Vital services provided by these organizations include counseling, home delivered meals, transportation, home health care, caregiver support, and volunteer assistance.

The Partners in Caring team has been successful in helping Ann cope with her many struggles and has provided her with essential support through her physical struggles and grief over the loss of her daughter. Because of Partners in Caring, she is able to remain safely in her home with as much independence and as few risks as possible.

For more information about our work with HEALTH, please visit our website www.liveunitedgreatermercer.org. 6


THANK YOU TO OUR LOYAL CORPORATE PARTNERS A J Wright AAA Mid-Atlantic Abbott Point of Care Acme Alcatel-Lucent AT&T Bank of America- Merrill Lynch Best Buy Company, Inc. Better Beginnings Big Brothers/Big Sisters of Mercer County BJ’s Wholesale Club Blank Rome, LLP Boys & Girls Club of Trenton/Mercer County Bracco Diagnostics, Inc. Bristol-Myers Squibb Buchanan Ingersoll Bucks County Contributionship Catholic Charities Catholic Youth Organization of Mercer County Cenlar FSB Ceridian Corporation The Child Care Connection The Children’s Home Society of NJ Comcast CONTACT of Mercer County, NJ ConvaTec Court Appointed Special Advocates Crisis Ministries of Princeton & Trenton CWA Local 1022 Delaware River Basin Commission Deloitte Educational Testing Service Enable Enterprise Family Guidance Center FedEx Filene’s Basement FirstEnergy Foundation FMC Corporation Fox Rothschild, O’Brien, Frankel, LLP GE Healthcare Gilbane Building Co. Glenmede Trust Company Greater Mercer Ride Provide Greater Trenton Behavorial Health Care Greenwood House

GS1 US Hibbert Group Homasote Company Home Furniture HomeFront HSBC IKON Office Solutions, Inc. Innophos Institute for Defense Analysis Interfaith Caregivers of Greater Trenton ITW Covid J&J Consumer Products J&J GPSG J&J PRD JC Penney Company Jewish Family and Children’s Service of Greater Mercer County John O. Wilson Neighborhood Service Center Klatzkin & Company Korn Ferry International Lowe’s Macy’s Marshalls McMaster - Carr Supply Company Mercer Alliance to End Homelessness Mercer Street Friends MetLife Foundation Miele, Inc. Monro Muffler/Brake, Inc Morgan Lewis Morgan Stanley Mount Carmel Guild Navigant Consulting NEC Laboratories America NJ Business & Industry Association NJ Education Association NJ School Boards Association NJM Insurance Group NRG Energy Inc. Ortho-McNeill Janssen Pharmaceutica Services PEI Kids Pepper Hamilton Peter J. Russo Insurance Agency Peterson’s A Nelnet Company Pfizer, Inc. Pitney Bowes Princeton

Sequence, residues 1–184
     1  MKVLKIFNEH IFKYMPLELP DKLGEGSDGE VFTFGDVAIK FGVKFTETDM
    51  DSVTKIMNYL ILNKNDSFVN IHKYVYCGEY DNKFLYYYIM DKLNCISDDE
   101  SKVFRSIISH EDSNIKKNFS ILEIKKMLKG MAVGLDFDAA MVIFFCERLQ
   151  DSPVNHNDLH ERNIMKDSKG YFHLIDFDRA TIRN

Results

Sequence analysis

Prince of Peace Lutheran Church Princeton Financial Systems, Inc. Princeton Plasma Physics Lab Princeton Senior Resource Ctr. Princeton Theological Seminary Princeton University Princeton University Press Prior\Nami Business Systems PSE&G Raymond James & Associates, Inc Rhodia Inc. Rider University Robert Wood Johnson Foundation Roma Federal Savings Bank Rue Insurance Sam’s Club Sarnoff Corporation Shaw E & I Sovereign Bank State Street Corporation Stop & Shop Structure Tone, Inc. T J Maxx TAH Industries Target Store TD Bank The Bank The Times Third Federal Savings Bank TIAA-CREF Trane Tyco International, Ltd. U.S. 1 Publishing Company United Parcel Service Utica National Insurance Wachovia A Wells Fargo Company Wal-Mart WaWa Wegmans Wells Fargo Home Mortgage Williams Gas Pipeline- Transco Wilmington Trust Womanspace Wyeth

THANK YOU! TO

OVER

3,000

FOR

YOUR

CONTINUED

DONORS,

SUPPORT!

FOR A COMPLETE LIST OF UWGMC DONORS, PLEASE VISIT WWW.LIVEUNITEDGREATERMERCER.ORG/DONORS 7


United Way of Greater Mercer County 3131 Princeton Pike Building 4, Suite 113 Lawrenceville, NJ 08648 609.896.1912

visit our website to stay connected all year long www.liveunitedgreatermercer.org

FINANCIAL INFORMATION To see our current IRS Form 990 and audit, please visit our website at www.liveunitedgreatermercer.org/financials.

Statements of Activities and Changes in Net Assets. For the year ended June 30, 2009

10.0% $624,129 Fundraising 11.3% $707,012 Management & General

Support and revenue: Campaign results, net of collection Loss In-Kind Gifts Designations Revenue Grants & Contracts Investment Income Unrealized Investment Loss Total Support and Revenue

26.3% $1,646,717 Collaboration Funding

$5,306,321 198,870 169,096 29,092 79,855 (145,433) $5,637,801

8.0% $503,076 Program Expenses 3.6% $227,907 In-Kind Gifts

40.8% $2,559,972 Donor Designation

Uses of Revenue $132,610 $198,870 Other Income In-kind Gifts

Expenses: Collaboration Funding Donor Designations In-Kind Gifts Programs & Initiatives Expenses Management & General Fundraising Total Expenses

$ 1,646,717 2,559,972 227,907 503,076 707,012 624,129 6,268,813

Increase (Decrease) In Net Assets

$(631,012)

Health 26%

8

Education 25%

Income 49%

$5,306,321 Annual Campaign

Where your investment goes

Sources of Revenue

2008-2009 Report to the Community  

See the great work that we accomplished with your help!

Read more
Read more
Similar to
Popular now
Just for you